maggiekb at September 26th, 2013 13:16 — #1
anonkopimi at September 26th, 2013 13:25 — #2
Oh by ALL MEANS one should touch a child as little as possible. The blasted things are naturally FILTHY.
maggiekb at September 26th, 2013 13:28 — #3
In the article, Skinner actually writes that as the other way around. Other people (and, especially, older children) are filthy and should probably keep their paws off the baby. This is not an endorsement. Just clarifying his argument.
kangorufoo at September 26th, 2013 13:32 — #4
Skinner was so wrong about so many things. He was an awful scientist.
medievalist at September 26th, 2013 13:40 — #5
When people start talking about "Skinner's box" it's often hard to tell whether they are talking about this incubator (a la Tarnier), the operant conditioning chamber, or the big yellow sense-dep thing in his lab that he liked to nap in.
prestonsturges at September 26th, 2013 13:42 — #6
I used to sleep in a large crib with a hinged lid, covered in window screen, which I later realized was an antique from the days of "sleeping porches." It went away fast when I got big enough to push the lid open because it slammed open with crash like an old style screen door.
maggiekb at September 26th, 2013 13:44 — #7
Pop-culturally, they seem to get all squashed up into one horrible thing. Thus, the rumors of Deborah Skinner's suicide.
anonkopimi at September 26th, 2013 13:53 — #8
Ironically that's exactly what protects babies from diseases - shared immunity via exposure.
maggiekb at September 26th, 2013 14:03 — #9
Well, depends. In terms of hygiene hypothesis, then theoretically, yes. But remember that we're also talking about a time period before mass vaccination, here. There are some things the older kids are carrying around that you really wouldn't want the baby to acquire.
micah at September 26th, 2013 14:05 — #10
Step 1: Cut a hole in the box.
Step 2: Put your kid in the boxxx...
medievalist at September 26th, 2013 14:17 — #11
Unfortunately I haven't read all his work. Can you point out the things he was wrong about? His work on operant conditioning (which I think modern political types call "grooming") is rather remarkable, scientifically.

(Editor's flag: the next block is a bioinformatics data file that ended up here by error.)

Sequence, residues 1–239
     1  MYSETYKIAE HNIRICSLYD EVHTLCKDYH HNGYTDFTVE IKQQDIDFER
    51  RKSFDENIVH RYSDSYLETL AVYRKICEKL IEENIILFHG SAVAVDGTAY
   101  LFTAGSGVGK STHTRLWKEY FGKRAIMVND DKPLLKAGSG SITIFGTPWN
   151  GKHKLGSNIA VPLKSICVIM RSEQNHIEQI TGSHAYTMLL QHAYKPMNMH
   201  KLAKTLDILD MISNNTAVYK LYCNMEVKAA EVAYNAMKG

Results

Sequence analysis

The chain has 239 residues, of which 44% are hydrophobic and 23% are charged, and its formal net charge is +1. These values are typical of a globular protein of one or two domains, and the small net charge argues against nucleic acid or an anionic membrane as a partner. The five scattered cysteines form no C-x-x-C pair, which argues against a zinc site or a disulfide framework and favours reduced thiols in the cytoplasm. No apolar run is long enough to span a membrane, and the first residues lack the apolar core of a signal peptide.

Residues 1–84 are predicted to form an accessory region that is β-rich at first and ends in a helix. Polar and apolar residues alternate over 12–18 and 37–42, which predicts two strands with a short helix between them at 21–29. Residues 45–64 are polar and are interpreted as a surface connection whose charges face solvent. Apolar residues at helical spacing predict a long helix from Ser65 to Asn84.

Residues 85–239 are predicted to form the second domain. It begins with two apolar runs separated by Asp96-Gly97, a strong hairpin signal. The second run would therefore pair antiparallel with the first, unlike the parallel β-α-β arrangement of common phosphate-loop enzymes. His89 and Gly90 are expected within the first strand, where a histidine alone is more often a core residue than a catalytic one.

vendorx at September 26th, 2013 14:48 — #12
Skinner's kind of like Freud in modern popular culture. People love to trash them, but not so much read or study them.
chickied at September 26th, 2013 15:05 — #13
The roller sheets are genius.
greasy at September 26th, 2013 15:15 — #14
he may not have literally kept his kid in a box, but skinner was still a dick for knowingly contributing to the use of psychology as a tool of social control.
gyrofrog at September 26th, 2013 15:32 — #15
prestonsturges at September 26th, 2013 16:03 — #16
...'cause Thursday's your night in the barrel.
kangorufoo at September 26th, 2013 16:11 — #17
I'm a layman. I think the biggest fallacy the Skinner promoted is that humans are born as a mental blank slate. Chomsky argued that there has to be an inherent genetic process for human mental development. Skinner refuted and argued against Chomsky's position.
There are many Chomsky vs. Skinner videos on youtube.
maggiekb at September 26th, 2013 16:41 — #18
What I don't understand is the vitriol about Skinner being wrong on some things. I mean, it's not like Chomsky hasn't had his share of theories that haven't panned out as well as he might of hoped. Being wrong is part of being a scientist.
crenquis at September 26th, 2013 16:49 — #19
By Ford, that is a good start -- I would add an appropriate sound system for hypnopædia and perhaps a soma dispenser.
kangorufoo at September 26th, 2013 16:54 — #20
I think most of the vitriol is political. Chomsky's primary criticism was that Skinner's theories were unscientific. I agree.
next page →